Philip K. Dick was born in Chicago in 1928 but lived most of his life in California. A college drop-out, he was nonetheless an avid reader, taking in Xenophon's Anabasis, Joyce's Finnegans Wake, the French realists such as Stendhal, Flaubert and Maupassant, and more. He began writing professionally in 1952 and published during his lifetime forty-four novels—thirty-six science fiction and eight mainstream—and 121 short stories, produced in fourteen collections. In 1963, he received the Hugo Award in 1963 for The Man in the High Castle, while Flow My Tears the Policeman Said won him the John W. Campbell Memorial Award in 1974.
In his journals and letter, Dick described his aim as a writer: “"I am a fictionalizing philosopher, not a novelist; my novel & story-writing ability is employed as a means to formulate my perception. The core of my writing is not art but truth. Thus what I tell is the truth, yet I can do nothing to alleviate it, either by deed or explanation.”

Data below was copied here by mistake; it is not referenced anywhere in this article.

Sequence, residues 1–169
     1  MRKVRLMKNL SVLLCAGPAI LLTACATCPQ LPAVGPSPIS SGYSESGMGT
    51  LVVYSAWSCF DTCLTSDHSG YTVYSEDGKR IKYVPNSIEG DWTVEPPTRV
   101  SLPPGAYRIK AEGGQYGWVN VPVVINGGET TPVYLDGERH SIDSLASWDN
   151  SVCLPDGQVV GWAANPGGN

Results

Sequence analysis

Since his untimely death on March 2. 1982, following a stroke, eight of Dick’s novels have been made into film, starting with Ridley Scott’s Blade Runner (based on Do Androids Dream of Electric Sheep?), and followed by Total Recall, The Minority Report, Screamers, Impostor, the French film Confessions d'un Barjo (based on Confessions of a Crap Artist), Paycheck, A Scanner Darkly and, most recently in April 2007, Next.